“Usually the most likely case is there was a particular radioactive material that people were exposed to that they were not appropriately monitored for,” said Stuart Hinnefeld, director of the division of the Department of Health and Human Services that determines which workers get to file for compensation through the easier cohort process.
Workers outside the cohort go through a process where the government office looks at available records from that individual worker and also other workers with similar characteristics – such as job title and the buildings they worked in.
At Los Alamos, all workers who started their jobs from the time the lab opened through 1995 are part of a special cohort group. Those who started after 1995, such as Chad Walde, are the ones who have to prove their cases to examiners.
Their cases may be sent to Hinnefeld’s office, which helps tie different exposure information, including the employees’ individual records and existing databases, together. His office looks at the data to determine if a person’s condition was “more likely than not” caused by work exposure.
Andrew Evaskovich, a security guard at Los Alamos, helped filed a petition to get workers up through 1995 covered under a cohort. He has continued to fight to bring in workers who started working at the facility up through 2005. He said his research shows there was still insufficient monitoring at Los Alamos in that decade and that era of workers still has trouble getting documentation for their cases with the Department of Labor.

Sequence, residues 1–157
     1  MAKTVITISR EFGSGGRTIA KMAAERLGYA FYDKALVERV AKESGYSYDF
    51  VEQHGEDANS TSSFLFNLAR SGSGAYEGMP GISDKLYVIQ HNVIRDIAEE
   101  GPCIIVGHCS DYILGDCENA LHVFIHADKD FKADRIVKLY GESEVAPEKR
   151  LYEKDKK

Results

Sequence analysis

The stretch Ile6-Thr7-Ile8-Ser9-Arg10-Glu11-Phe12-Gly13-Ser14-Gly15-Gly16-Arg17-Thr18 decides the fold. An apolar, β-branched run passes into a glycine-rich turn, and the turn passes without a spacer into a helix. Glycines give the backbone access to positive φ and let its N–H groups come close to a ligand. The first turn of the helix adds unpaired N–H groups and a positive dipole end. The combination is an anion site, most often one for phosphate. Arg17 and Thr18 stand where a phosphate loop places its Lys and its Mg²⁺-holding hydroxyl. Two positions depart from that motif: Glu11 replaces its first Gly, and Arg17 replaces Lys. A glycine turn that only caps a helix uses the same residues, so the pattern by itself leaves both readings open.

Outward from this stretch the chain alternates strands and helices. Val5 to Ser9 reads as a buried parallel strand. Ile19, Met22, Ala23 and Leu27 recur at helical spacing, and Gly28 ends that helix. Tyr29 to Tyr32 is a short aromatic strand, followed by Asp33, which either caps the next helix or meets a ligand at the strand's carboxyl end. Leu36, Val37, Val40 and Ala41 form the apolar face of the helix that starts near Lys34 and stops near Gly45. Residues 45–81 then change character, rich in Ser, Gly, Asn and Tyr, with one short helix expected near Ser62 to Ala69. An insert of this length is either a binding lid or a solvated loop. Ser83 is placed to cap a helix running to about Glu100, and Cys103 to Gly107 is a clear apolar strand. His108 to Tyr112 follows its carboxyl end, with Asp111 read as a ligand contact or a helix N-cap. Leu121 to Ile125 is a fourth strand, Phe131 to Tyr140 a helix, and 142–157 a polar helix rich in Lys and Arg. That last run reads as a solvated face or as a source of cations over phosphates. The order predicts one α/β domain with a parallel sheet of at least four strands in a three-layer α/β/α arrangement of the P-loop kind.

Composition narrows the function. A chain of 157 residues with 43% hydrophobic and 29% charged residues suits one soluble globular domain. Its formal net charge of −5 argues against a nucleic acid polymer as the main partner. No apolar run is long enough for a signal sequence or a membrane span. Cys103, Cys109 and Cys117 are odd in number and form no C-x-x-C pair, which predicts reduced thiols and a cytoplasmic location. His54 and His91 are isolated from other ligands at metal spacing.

“They don’t have access to the records. So basically, it’s like you come to me saying I want a house built, and I say okay, fine, you go buy the lumber and the nails and here’s a hammer. That’s kind of what they do,” Evaskovich said.
Hinnefeld’s office recently recommended those workers not be brought into a special cohort because it concluded radiation exposure can be accurately reconstructed based on available data, which is the criteria for expanding cohorts.
“What we’ve done is we’ve gone back and looked at the bio-assay data on the people who were monitored and said even the people who were monitored have very low exposure,” Hinnefeld said. “So unless they somehow selectively knew who was going to be more heavily exposed and excluded those people, it seems this is just an accident that should just come out in the wash, essentially.”
One of Evaskovich’s main concerns with the lab and its safety is how well new DOE enforcement regulations have actually been working when it comes to exposure and record-keeping.